At this point, we had a choice.  We could continue straight up 100’ to the summit via Bailey’s Direct or stay on the original route and do the jump traverse pitch!  Looking up was more chimney, so we opted for the iconic jump pitch.  This pitch was a traverse to get you from the column that we were standing on to a few columns over to our right.  There is a 5’ gap between columns which you can jump, no way, or delicately face climb over, yes please.  Mike went first and opted for a reachy hop made possible by his arm-span and long legs.  I opted for a small crimp, and delicate foot work to get me across. I whooped when I made it and heard a faint cheer below!  It did get my heart going as a fall there wouldn’t be pretty.

From here, we walked on a trail through “the meadows” to the final pitch.  100’ of 4th class chimney-like scrambling to the summit!  It was my lead, and I was thankful for the easy climbing!  Finally, I was on the summit!  I couldn’t celebrate yet, as I needed to get Mike safely up as well.  He cruised it.

The views were incredible.  Unlike mountain summits, there are no mountains in sight.  Just green plains with red cliff bands and a river.  360-degree view of gorgeous Wyoming countryside.  The summit had grass and flowering cactus.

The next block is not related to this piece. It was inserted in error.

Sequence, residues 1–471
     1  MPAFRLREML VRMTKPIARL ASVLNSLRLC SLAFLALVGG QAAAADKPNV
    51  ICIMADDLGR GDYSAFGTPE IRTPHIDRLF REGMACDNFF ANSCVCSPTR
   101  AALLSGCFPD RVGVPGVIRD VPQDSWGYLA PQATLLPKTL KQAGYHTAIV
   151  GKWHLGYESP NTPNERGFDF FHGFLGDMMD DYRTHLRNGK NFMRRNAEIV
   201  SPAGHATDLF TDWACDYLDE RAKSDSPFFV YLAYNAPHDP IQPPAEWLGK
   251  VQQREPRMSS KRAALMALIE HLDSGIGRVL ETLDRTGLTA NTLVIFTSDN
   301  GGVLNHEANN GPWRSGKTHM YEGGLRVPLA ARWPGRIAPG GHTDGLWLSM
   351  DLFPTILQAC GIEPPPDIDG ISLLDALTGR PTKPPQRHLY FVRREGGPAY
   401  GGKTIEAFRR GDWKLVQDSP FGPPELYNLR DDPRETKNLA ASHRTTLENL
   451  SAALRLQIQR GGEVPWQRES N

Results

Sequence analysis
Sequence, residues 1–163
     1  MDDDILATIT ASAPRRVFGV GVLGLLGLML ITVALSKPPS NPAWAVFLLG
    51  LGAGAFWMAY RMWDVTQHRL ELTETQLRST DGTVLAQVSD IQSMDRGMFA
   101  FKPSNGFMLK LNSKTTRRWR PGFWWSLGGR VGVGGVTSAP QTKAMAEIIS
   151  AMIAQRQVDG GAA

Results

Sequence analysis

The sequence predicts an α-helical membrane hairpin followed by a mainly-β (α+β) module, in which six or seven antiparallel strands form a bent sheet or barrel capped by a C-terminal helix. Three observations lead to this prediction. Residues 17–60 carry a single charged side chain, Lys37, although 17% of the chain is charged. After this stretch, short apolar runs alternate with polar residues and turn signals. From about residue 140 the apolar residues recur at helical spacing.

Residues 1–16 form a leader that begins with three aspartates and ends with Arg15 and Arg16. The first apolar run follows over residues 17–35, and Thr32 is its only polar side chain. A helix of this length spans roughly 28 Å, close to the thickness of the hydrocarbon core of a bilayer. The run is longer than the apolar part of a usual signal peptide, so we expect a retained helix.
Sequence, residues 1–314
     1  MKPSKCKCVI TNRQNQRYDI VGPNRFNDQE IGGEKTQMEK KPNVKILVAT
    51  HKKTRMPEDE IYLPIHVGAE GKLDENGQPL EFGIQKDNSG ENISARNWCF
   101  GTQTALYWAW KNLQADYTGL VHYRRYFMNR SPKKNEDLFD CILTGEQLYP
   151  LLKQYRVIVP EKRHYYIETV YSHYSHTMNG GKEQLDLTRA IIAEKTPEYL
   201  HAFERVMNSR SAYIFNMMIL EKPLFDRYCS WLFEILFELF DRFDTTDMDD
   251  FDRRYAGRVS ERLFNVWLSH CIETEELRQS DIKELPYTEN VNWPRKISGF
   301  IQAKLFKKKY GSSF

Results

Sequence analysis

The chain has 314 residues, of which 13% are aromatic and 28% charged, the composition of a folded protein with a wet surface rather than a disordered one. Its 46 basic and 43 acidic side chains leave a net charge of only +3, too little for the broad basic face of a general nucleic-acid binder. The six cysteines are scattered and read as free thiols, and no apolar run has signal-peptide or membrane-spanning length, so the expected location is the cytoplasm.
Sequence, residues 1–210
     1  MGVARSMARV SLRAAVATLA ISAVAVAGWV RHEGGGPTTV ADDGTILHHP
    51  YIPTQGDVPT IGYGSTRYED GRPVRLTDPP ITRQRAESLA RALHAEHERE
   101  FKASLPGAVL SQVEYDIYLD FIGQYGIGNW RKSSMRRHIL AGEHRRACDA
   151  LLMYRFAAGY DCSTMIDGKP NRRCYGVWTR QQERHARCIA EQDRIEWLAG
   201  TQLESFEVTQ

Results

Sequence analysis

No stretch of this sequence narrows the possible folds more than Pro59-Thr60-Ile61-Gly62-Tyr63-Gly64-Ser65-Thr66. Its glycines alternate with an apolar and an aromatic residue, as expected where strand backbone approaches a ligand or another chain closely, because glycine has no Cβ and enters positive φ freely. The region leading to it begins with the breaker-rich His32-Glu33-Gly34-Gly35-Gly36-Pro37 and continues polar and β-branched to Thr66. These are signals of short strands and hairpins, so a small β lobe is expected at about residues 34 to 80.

We signed the register, had a snack and sorted gear.  The climb was only half-way done.  Now we had to get down safely.  We had opted to bring only one 70m rope per the rangers’ suggestion, but we had to be very careful to make sure we selected the correct summit anchor, otherwise we wouldn’t have enough rope.  After a thorough review, we found our anchor and started the 4 full 35m raps to the base.  Luckily, we had no rope snags!  As we descended, we witnessed the human traffic jam on our route.  Thank goodness that we got up early.  There was a party on every pitch!

At the base, we kissed, and then I quickly changed shoes and ran down the hill to give my parents a hug.  I left all my gear on for the after pictures!  Little did I know, I would have a hug fan base waiting for me.  My parents were busy making friends and pointing us out, the team in blue.  I had several pictures with little girls – maybe I will inspire them to dream big.  Then big hugs and celebration with my parents!